Nutrition

6 Ways to Upgrade Your Diet to Support an Active Life

SportsNutrition article(Viome)

While maintaining a healthy diet is important for everyone, it carries even more weight for those of you who are living a highly active lifestyle. It seems a common theme that nutrition is a big piece of the jigsaw when it comes to performance. Participation in a range of activities, including running, cycling, hiking, and weight training, requires an extra degree of dietary diligence to make sure that the nutrition is there to support the added load workouts place on the body. Luckily, even small and simple changes can make a significant difference to how good you feel and how well you perform when it counts most. Nutrition for an active life need not be complicated or require any draconian diet changes. 


Whether you’re going to the gym on most days or aiming for a marathon PR, here are the nutrition fundamentals you should follow to stay healthy and perform well. Once you have these nailed down, you can then look to zero in on ways to fine-tune your nutrition for specific training and health goals and to serve your unique biology best. 


1. Build a Good Foundation


While the market is saturated with all sorts of engineered sport nutrition products, when it comes to fueling your body daily, you certainly want to pivot to whole foods most often. Whole grains, vegetables, fruits, unprocessed meats, legumes, and nuts will provide the biggest dose of necessary micronutrients and antioxidants to support a body in motion. Athletes of all stripes are now gaining a greater appreciation for the importance of filling their plates with nutrient-dense foods to optimize performance and recovery. A recent study in the scientific journal Nutrition1discovered that runners who had a higher diet quality, as indicated by greater intakes of unsaturated fat and the micronutrients iron, potassium, and magnesium that are found abundantly in whole foods, typically performed better during their runs and also tested for improved cardiovascular health. And researchers have found2 that eating a Mediterranean diet, a much-studied whole-foods-focused approach to eating can improve endurance exercise performance after just a few days.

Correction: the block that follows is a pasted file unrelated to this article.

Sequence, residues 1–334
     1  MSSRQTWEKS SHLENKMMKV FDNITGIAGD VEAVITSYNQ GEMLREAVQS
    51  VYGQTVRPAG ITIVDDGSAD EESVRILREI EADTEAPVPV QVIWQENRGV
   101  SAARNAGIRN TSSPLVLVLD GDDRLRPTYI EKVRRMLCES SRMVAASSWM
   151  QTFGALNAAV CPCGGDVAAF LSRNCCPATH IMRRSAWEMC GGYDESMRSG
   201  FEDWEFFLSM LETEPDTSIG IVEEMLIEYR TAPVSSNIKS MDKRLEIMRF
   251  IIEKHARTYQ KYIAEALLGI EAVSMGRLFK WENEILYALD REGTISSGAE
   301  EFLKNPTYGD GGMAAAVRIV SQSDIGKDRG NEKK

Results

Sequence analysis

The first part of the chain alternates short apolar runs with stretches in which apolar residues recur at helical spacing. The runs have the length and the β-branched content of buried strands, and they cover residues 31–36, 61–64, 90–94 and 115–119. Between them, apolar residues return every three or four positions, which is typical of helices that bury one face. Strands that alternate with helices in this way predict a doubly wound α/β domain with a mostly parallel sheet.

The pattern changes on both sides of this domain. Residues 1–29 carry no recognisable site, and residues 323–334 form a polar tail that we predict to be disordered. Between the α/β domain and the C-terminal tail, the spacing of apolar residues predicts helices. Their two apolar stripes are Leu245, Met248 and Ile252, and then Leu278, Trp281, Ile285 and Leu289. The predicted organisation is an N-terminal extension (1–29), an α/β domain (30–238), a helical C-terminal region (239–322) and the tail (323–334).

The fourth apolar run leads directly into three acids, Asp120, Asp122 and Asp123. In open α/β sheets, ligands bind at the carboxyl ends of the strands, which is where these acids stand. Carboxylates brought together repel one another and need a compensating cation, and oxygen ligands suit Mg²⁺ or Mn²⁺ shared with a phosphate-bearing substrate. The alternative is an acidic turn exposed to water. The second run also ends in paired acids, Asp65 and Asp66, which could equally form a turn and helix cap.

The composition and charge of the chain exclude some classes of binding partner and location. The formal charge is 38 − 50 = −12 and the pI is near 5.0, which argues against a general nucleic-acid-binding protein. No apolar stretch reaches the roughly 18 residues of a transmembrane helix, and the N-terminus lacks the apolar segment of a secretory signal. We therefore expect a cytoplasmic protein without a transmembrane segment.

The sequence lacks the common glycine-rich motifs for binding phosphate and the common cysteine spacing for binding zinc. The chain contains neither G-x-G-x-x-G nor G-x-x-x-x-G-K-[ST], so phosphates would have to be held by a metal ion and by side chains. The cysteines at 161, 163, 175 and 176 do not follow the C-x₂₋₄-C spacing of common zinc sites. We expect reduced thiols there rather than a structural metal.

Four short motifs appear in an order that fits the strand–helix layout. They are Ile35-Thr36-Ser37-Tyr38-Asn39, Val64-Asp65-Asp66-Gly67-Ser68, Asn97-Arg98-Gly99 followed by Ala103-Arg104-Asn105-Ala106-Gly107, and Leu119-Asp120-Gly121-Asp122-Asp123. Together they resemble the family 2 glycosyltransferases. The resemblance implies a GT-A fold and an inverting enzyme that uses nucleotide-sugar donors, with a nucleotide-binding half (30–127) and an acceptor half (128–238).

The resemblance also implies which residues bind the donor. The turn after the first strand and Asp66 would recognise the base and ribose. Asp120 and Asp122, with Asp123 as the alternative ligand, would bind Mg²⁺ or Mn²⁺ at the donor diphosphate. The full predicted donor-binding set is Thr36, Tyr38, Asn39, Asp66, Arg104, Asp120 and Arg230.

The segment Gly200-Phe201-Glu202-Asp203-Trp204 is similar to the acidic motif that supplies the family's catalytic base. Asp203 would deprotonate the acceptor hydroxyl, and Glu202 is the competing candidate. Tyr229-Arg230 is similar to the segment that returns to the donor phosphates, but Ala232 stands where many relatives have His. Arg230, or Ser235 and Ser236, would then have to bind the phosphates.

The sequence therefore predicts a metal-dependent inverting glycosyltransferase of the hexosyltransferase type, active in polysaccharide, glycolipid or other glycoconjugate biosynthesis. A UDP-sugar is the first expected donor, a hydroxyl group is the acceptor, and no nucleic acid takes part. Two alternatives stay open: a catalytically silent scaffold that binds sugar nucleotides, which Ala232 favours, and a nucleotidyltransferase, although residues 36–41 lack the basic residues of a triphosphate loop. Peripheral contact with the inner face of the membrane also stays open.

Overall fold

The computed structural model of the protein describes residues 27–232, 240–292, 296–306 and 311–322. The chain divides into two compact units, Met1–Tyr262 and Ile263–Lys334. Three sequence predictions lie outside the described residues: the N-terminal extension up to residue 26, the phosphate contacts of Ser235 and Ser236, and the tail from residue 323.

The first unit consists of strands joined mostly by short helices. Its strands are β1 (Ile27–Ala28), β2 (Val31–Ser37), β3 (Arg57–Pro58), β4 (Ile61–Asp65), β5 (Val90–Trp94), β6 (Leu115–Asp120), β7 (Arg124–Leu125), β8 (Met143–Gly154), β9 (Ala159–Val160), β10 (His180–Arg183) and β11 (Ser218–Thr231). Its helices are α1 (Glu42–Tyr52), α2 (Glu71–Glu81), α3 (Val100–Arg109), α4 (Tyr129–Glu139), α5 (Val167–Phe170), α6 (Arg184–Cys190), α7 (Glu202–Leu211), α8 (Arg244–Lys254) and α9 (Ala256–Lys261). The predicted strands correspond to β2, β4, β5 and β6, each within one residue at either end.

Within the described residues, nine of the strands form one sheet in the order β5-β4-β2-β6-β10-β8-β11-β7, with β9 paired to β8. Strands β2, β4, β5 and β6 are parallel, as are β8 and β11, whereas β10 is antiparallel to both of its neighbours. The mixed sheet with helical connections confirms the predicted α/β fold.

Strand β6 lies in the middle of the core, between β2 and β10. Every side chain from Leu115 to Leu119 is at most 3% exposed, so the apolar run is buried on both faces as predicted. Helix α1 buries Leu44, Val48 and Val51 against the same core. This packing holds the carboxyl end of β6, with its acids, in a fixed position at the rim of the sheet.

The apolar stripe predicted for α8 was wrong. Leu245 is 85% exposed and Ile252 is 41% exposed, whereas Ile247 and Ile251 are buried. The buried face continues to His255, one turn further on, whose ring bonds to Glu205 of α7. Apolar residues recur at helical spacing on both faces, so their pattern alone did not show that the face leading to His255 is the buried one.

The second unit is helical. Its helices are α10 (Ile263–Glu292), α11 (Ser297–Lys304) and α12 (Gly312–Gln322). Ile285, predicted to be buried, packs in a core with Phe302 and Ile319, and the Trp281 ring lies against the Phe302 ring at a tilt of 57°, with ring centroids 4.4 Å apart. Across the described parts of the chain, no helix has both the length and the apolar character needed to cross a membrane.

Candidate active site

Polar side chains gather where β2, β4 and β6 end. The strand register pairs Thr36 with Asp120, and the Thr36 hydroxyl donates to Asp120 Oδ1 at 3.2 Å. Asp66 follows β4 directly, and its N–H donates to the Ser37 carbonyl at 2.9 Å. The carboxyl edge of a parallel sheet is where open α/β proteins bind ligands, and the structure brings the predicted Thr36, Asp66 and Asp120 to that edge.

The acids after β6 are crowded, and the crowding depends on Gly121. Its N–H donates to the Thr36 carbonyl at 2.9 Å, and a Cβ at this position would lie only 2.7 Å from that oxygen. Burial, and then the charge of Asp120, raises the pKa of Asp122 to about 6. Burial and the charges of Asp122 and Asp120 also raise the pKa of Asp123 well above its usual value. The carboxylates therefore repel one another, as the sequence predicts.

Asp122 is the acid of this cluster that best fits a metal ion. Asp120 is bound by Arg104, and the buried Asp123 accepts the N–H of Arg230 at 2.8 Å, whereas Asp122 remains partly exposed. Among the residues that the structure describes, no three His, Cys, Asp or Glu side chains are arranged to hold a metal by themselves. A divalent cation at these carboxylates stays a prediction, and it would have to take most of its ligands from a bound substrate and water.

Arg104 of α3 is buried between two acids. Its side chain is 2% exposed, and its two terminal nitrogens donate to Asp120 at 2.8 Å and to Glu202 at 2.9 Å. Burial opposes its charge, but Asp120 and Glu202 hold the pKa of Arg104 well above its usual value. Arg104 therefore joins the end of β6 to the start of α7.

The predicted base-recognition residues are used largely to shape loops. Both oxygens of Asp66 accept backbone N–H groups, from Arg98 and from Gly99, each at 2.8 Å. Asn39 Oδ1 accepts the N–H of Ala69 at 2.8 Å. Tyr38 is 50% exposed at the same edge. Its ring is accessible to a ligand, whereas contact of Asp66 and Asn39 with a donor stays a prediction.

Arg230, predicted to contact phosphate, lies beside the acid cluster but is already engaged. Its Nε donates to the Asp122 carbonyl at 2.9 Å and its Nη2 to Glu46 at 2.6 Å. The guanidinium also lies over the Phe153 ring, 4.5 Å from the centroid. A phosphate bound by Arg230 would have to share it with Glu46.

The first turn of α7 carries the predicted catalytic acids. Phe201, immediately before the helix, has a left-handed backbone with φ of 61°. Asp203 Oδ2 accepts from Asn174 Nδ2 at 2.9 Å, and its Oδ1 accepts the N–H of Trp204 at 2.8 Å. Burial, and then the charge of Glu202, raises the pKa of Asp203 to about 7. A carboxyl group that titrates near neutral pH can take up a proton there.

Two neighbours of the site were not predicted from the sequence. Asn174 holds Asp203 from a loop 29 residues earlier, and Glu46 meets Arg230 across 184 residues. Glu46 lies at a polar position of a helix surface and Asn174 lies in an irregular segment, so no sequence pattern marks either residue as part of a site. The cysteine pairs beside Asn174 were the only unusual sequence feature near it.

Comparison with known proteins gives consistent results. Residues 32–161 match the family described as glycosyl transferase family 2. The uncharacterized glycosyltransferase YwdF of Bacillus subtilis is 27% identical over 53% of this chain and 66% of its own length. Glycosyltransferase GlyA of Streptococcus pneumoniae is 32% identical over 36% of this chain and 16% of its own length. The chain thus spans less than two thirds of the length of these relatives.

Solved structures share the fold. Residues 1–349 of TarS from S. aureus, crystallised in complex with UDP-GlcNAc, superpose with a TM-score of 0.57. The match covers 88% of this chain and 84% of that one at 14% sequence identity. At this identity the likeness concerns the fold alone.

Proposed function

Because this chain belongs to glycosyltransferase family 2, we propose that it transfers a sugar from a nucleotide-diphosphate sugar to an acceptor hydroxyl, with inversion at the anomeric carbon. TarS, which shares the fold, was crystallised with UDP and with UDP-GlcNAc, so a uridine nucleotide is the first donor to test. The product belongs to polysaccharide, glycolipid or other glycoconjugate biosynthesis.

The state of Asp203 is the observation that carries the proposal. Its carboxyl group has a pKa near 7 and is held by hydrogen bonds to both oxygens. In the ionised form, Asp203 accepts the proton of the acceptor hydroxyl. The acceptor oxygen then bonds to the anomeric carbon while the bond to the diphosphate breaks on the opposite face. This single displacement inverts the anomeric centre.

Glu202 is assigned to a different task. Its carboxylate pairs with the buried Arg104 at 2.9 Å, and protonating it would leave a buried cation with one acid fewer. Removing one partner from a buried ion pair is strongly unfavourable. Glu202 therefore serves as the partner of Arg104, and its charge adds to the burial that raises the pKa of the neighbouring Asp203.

For some people, keeping a detailed food diary can help them identify areas of their daily diet that is in line with a whole-foods approach and other areas where more highly processed foods are sneaking in, and improvements can be made.


Even when you’ve nailed these essential building blocks for healthier eating you’ll want to strive to optimize your diet for performance by seeking out a more personalized nutrition program based on several biological factors including your unique microbiome and blood chemistry. This is the ideal way to truly determine what foods your body responds best to in order to perform at a higher level in your active pursuits.


2. Eat Enough